Can you take cuttings from Cytisus? ›

As the varieties do not come true from seeds they should be propagated by cuttings placed firmly in a bed of very sandy soil in a cold frame in August, or in similar soil in a shaded place out of doors and covered with a bell jar. The cuttings are made from firm summer shoots, 2-4 in.

Why is my Spanish broom turning brown? ›

Is this normal or is my plant dying? A: Spanish Brooms are very beautiful plants. However, they do have a tendency to freeze and can die during severe winter months even though they are rated for zone 4. If some branches are brown cut them off in early spring.

How do you transplant a broom bush? ›

How to Transplant a Broom Bush
  1. Cut back the main stem of the broom to about 50 percent of height of the plant. ...
  2. Tie up the loose side branches into a bundle with twine. ...
  3. Slice into the soil with a shovel, making a circle around the main stem about 24 inches in diameter for mature plants.

Why is Scotch broom a problem? ›

Scotch broom will displace native vegetation and beneficial plants causing loss of grassland and open forest habitat. The seeds and other plant parts are toxic to humans, horses and other livestock.

How do you prune a witches broom? ›

Scotch Broom - YouTube

Should you cut back Scotch broom? ›

It is also important to begin trimming when the tree is young. Begin your scotch broom pruning before the tree is mature, and prune back its stems annually. This stimulates growth to prevent that scraggly look. When you prune a scotch broom plant, be conservative about how much to trim.

How big do broom plants get? ›

Broom shrub plants may get 9 feet (2.5 m.) tall and produce some spectacular bloom displays in spring. The plant can get a bit invasive in some areas though, but a little information on broom shrubs will help you control the plants while still enjoying their ease of care and brilliant blooms.

How tall do broom plants get? ›

Description. Scotch broom is a bushy, drought-deciduous shrub that grows three to six feet tall. The green branches are sharply angled with five green ridges, and they are hairy when young and without hairs as they mature. Scotch broom reproduces vegetatively and by seed.

Do brooms grow in shade? ›

Broom is a deciduous plant. It blooms its vivid yellow in late spring. It prefers to be planted in full sun but will tolerate a little shade and can be used to provide texture and height in a flower border.

Why is Scotch broom a problem? ›

Scotch broom will displace native vegetation and beneficial plants causing loss of grassland and open forest habitat. The seeds and other plant parts are toxic to humans, horses and other livestock.

Does Scotch broom bloom all summer? ›

Plants have sharply angled branches and bright yellow flowers. Plants bloom between March and June, before leaves emerge.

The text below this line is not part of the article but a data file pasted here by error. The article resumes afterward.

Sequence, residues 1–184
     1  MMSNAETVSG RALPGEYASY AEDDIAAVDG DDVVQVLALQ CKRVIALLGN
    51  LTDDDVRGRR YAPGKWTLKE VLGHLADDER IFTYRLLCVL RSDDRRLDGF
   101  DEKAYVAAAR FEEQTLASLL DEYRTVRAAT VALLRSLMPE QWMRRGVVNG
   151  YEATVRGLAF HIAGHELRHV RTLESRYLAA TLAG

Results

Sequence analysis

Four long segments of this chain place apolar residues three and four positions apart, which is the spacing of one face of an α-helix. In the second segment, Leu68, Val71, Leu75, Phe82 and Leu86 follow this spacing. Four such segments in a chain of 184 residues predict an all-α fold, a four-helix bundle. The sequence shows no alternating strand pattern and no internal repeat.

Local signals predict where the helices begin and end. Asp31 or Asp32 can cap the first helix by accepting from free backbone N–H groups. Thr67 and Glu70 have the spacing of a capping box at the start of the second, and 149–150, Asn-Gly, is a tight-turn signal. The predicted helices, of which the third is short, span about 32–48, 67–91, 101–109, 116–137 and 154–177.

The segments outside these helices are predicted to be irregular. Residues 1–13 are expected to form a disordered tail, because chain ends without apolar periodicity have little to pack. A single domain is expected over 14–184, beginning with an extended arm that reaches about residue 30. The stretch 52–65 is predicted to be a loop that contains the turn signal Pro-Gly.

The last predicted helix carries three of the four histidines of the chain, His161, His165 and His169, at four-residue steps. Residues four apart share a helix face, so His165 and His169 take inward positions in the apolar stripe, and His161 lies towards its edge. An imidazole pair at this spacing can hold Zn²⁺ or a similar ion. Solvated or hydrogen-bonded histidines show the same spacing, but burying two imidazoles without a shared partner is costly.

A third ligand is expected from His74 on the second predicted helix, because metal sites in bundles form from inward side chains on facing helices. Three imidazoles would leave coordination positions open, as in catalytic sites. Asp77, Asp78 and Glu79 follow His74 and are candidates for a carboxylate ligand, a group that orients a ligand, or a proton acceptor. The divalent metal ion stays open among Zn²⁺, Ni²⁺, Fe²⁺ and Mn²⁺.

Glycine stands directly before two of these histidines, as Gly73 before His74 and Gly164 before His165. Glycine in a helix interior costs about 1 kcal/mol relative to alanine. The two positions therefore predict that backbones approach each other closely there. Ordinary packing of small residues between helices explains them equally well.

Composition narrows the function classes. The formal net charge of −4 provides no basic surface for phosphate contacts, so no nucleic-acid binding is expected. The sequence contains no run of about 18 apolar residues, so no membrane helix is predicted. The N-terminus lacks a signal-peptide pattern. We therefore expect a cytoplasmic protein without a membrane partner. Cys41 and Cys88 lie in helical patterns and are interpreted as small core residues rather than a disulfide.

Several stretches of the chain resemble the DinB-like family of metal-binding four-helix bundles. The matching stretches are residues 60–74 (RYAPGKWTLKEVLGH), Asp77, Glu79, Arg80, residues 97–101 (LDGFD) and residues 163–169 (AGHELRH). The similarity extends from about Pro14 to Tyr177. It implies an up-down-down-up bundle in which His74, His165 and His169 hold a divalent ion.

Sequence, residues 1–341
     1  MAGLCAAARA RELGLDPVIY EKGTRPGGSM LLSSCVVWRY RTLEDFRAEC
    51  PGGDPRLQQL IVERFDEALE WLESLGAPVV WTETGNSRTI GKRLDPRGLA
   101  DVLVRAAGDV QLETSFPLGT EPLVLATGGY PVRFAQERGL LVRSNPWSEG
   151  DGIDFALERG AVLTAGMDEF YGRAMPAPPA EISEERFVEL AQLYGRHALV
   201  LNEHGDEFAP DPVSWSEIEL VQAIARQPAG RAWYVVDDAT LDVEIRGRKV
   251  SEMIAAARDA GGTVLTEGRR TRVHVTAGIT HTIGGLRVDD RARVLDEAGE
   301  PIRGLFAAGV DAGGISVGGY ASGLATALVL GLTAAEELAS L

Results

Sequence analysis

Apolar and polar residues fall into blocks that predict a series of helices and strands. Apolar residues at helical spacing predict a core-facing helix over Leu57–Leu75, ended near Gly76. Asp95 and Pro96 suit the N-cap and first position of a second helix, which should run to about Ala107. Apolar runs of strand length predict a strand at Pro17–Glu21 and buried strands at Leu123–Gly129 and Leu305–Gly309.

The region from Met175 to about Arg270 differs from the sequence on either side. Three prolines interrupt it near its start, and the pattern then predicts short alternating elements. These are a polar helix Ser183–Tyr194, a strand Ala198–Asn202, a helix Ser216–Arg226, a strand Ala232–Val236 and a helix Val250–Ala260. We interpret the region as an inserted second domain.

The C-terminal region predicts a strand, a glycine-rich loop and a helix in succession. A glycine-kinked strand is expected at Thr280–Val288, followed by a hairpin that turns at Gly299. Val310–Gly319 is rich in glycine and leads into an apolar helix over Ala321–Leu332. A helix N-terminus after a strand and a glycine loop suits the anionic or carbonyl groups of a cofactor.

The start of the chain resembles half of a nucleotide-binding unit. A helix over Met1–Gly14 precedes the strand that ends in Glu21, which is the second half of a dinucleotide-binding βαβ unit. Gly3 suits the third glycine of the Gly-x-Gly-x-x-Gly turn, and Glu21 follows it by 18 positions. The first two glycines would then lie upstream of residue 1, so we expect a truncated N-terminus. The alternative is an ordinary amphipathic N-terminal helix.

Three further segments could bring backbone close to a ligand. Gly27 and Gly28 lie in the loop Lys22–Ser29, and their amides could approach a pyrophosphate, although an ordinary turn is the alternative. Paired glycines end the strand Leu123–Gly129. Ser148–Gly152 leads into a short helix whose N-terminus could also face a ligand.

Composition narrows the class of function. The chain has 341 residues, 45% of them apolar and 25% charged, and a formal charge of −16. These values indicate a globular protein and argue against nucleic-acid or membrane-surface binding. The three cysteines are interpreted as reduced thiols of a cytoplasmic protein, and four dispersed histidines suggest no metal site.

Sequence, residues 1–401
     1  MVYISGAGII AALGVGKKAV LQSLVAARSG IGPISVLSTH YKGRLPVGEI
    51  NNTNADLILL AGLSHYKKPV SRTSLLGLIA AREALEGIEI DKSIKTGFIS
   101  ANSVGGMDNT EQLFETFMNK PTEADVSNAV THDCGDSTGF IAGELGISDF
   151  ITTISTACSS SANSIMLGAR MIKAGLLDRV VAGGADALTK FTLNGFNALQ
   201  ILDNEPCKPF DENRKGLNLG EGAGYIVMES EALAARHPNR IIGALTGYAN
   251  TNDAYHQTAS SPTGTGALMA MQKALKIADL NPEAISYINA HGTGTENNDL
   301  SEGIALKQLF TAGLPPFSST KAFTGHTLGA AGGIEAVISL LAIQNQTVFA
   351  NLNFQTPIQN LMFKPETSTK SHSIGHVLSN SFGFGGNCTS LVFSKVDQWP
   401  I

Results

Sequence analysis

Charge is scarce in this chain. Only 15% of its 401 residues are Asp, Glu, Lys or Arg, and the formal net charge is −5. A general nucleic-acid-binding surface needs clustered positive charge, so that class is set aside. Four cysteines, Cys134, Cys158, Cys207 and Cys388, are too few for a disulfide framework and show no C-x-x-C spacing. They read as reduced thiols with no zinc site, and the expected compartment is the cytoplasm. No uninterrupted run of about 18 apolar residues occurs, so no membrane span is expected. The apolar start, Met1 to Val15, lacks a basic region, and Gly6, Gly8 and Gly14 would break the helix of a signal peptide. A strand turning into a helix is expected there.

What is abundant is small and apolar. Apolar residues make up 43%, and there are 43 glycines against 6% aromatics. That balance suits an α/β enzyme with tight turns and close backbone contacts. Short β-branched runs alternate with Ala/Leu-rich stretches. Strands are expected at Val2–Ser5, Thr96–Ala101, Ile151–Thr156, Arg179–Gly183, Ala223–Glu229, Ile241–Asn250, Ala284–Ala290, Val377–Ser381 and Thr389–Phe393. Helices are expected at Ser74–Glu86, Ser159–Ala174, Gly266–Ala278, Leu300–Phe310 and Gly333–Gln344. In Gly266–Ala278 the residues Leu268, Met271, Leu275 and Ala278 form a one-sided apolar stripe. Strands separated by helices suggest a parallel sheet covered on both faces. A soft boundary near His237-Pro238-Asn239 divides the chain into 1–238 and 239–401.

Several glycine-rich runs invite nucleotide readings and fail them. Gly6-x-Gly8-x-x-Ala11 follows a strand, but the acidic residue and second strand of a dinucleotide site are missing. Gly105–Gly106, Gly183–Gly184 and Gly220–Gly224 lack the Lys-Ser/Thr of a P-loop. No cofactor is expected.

Can I move a broom plant? ›

If you are up north and have a deep freeze- then wait until the ground thaws out in early spring and move them then - making sure to keep as large a root ball as possible so the roots are disturbed in the least possible way. Relocate them where you will not have to move them again.

Are all broom plants invasive? ›

Initially introduced as ornamentals, they were later promoted by federal and state agencies for erosion control along roadsides and in mined areas. As a result, five broom species have become naturalized in California and are classified as invasive weeds by many federal, state, and local jurisdictions.

Does Scotch broom stay green all year? ›

DESCRIPTION: Scotch broom is a perennial evergreen shrub in the legume family. It grows up to 10 feet tall. It has stiff, dark green branches, which grow more or less erect, and often have few leaves.

Is broom poisonous to dogs? ›

Broom is on the Dog's Trust's list of poisonous plants, containing toxic alkaloids that can have an adverse effect on animal's heart and central nervous system, if ingested.

How many times does Scotch broom bloom? ›

It flowers in late March to April inland, April to June on the coast. Flowers appear before leaves. Long-lived seeds are copiously produced (to 12,000+ seeds/mature shrub) and mature in June and July.

What's the difference between gorse and broom? ›

To summarise, then: Gorse (Ulex) have complicated green spines, but no leaves. Whin (Genista) have simple brown spines, and leaves. Broom (Cytisus) have leaves, but no spines. There you go!

Can you eat broom flowers? ›

The flowers don't taste of much but they are an excellent addition to a salad. The buds of these flowers can be picked and added to salads as well, they have a nutty flavour.

Do brooms self seed? ›

It is a short-lived shrub but tends to reseed itself. It can be weedy and rapidly grow to crowd out native plants. If plants are unwanted, pull them before they flower and set seed.

Where does broom grow? ›

Brooms are a group of evergreen, semi-evergreen, and deciduous shrubs. All the brooms and their relatives (including Laburnum and Ulex) grow in Europe, north Africa and southwest Asia. The greatest diversity one can find in the Mediterranean region.

Is broom good for wildlife? ›

Broom - Good provider of nectar for bees. Buddleia - A valuable nectar source for butterflies and bumblebees. Chives - Attracts bees and butterflies. Fennel - Lacewings, ladybirds, hoverflies and butterflies love this plant.